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In the days after a California professor accused Supreme Court nominee Brett Kavanaugh ’87 LAW ’90 of sexual assault, Yale administrators and faculty members who praised the nominee this summer have remained silent amid renewed opposition to his candidacy.

Earlier this summer, Christine Blasey Ford, a professor at Palo Alto University, alleged in a letter that, at a high school party more than 30 years ago, Kavanaugh drunkenly pinned her on a bed, groped her and forced his hands over her mouth. The Intercept first reported the allegations anonymously late last week, and on Sunday, Ford described the incident publicly for the first time in an interview with the Washington Post.

The allegation has led to a new push by Democrats to suspend Kavanaugh’s Senate confirmation vote while the FBI investigates Ford’s accusation. But Senate Republicans have pledged to continue the confirmation process as scheduled.

In July, the Yale Law School issued a press release in which several top faculty members praised Kavanaugh for his government and judicial service, as well as his opinions and mentorship.

In a statement to the News on Sunday evening, Yale Law School spokeswoman Janet Conroy wrote that the July press release was not “an endorsement” of Kavanaugh’s nomination to the Supreme Court.

“As we have said before, Yale Law School is a nonpartisan institution. While individual faculty members may make comments regarding a particular candidate, the law school neither endorses nor opposes candidates for office,” she wrote in her statement to the News. “We routinely have acknowledged high-profile nominations of our alums in this way, including the nomination of Justice Sotomayor.”

Conroy did not comment directly on the new allegations. And she did not respond to an email asking whether the Yale faculty members who praised Kavanaugh stand by their statements or whether the law school would comment on the allegation against its alumnus.

None of the five Yale professors quoted in the release, including Yale Law School Dean Heather Gerken and Sterling Professor Akhil Reed Amar ’80 LAW ’84, responded to requests for comment on Sunday.

Ford told the Post that she was able to escape Kavanaugh when a friend of his jumped on top of them. She said she then fled the house after briefly locking herself in a bathroom.

The sexual misconduct allegations are the first against Kavanaugh. As an undergraduate, he was a member of Delta Kappa Epsilon, the fraternity that came under fire this year over allegations of sexual misconduct. But in Kavanaugh’s time, the fraternity was relatively tame, according to undergraduates who attended the University in the 1980s. He was also a member of Truth and Courage, an all-male club popular among athletes and known to some by the nickname “Tit and Clit.”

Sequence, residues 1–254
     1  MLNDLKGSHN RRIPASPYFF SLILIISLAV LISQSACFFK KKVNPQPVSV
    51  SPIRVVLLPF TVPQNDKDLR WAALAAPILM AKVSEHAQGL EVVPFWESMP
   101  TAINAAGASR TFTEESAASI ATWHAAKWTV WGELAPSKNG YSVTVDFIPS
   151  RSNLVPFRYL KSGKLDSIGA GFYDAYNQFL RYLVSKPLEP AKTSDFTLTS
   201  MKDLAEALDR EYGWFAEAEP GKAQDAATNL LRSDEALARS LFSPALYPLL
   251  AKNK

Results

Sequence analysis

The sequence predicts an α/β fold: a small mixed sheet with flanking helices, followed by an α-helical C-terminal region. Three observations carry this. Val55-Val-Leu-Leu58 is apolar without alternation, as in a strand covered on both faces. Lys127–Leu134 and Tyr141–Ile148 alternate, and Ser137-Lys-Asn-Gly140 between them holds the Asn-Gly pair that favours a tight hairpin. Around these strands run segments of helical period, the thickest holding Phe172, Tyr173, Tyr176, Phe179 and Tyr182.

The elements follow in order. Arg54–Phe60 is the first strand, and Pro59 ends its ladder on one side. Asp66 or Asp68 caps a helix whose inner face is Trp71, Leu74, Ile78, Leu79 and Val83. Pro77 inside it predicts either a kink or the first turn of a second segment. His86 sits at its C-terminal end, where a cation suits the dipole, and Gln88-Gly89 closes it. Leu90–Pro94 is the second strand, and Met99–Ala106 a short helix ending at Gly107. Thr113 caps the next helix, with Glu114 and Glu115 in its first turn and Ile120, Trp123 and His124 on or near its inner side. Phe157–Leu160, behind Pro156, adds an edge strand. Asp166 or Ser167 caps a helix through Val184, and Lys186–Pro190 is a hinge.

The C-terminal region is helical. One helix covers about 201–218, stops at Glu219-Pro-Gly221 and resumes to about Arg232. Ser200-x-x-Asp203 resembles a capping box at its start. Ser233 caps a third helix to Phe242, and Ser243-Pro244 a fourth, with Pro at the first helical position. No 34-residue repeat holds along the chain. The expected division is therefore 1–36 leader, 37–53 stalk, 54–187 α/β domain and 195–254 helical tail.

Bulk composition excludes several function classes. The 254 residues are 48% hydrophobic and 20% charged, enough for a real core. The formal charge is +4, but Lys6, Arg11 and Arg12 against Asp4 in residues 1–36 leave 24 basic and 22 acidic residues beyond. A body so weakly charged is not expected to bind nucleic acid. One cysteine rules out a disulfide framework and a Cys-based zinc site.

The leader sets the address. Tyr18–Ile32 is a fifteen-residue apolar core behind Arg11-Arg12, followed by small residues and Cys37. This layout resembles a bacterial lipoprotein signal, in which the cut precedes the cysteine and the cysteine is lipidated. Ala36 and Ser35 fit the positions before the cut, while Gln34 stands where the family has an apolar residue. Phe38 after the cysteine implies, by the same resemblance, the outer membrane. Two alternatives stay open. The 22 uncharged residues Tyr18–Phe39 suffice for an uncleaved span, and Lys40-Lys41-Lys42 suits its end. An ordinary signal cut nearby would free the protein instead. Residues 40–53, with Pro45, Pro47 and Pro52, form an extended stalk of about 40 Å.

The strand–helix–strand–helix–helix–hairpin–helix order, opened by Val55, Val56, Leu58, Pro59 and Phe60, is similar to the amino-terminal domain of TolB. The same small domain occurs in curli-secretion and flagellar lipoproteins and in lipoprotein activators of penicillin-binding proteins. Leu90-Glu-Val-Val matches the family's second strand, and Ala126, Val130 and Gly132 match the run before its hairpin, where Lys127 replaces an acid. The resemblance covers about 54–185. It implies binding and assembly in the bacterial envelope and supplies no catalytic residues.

The original statement from Yale Law School drew criticism this summer, prompting 909 members of the Yale community to sign an open letter condemning the University for “boasting of its alumnus’s accomplishment.” In a counter petition, 292 other community members defended the Supreme Court nominee, praising the faculty members who spoke highly of Kavanaugh.

On Sunday, Allen Davis GRD ’20, a graduate student in the Astronomy Department, wrote an email to Dean Gerken, urging her to rescind her endorsement of Judge Kavanaugh. In the Yale Law School press release, Gerken wrote that Kavanaugh was “a longtime friend” to many at the law school and that she admired him for his mentorship and teaching.

In the letter, Davis urged Gerken and the law school to speak out publicly against Kavanaugh’s appointment. In 1991, he noted, Anita Hill LAW ’80 testified that then-nominee and current Supreme Court Justice Clarence Thomas LAW ’74 had sexually harassed her.

“I don’t think we want to be known as the school that produced both the sexual harasser and the sexual assaulter on the Supreme Court,” Davis said. “It cheapens the value of a Yale education to have Yale associated with people who have been credibly accused of these types of actions.”

Davis said he viewed the allegation against Kavanaugh as “disqualifying.” Two Republican Senators, Jeff Flake, R-Ariz, and Bob Corker, R-Tenn, have already said the vote should be delayed until the Senate Judiciary Committee hears from Ford.

During Kavanaugh’s confirmation hearings, Yale alumni and professors alike have testified before Congress both for and against the judge. Melissa Murray LAW ’02, a New York University School of Law professor who specializes in constitutional, family and reproductive rights law, called Kavanaugh “a vote against Roe,” referring to the landmark abortion decision Roe v. Wade. In contrast, 10 of his female classmates penned a letter maintaining that Kavanaugh was a respectful and humble friend who treated his classmates as equals.

On the Senate floor, Amar, who teaches a popular constitutional law course at Yale College, argued that Kavanaugh was the best possible option with a Republican president in office. Louisa Garry ’87, a college friend and one of the 10 who penned the letter to the Senate Judiciary Committee, recalled training for the Boston Marathon with the Supreme Court nominee. She added that Kavanaugh raised “strong, independent girls and women with confident voices.”

Kavanaugh graduated from the elite, all-male Georgetown Preparatory School in 1983.

Hailey Fuchs | hailey.fuchs@yale.edu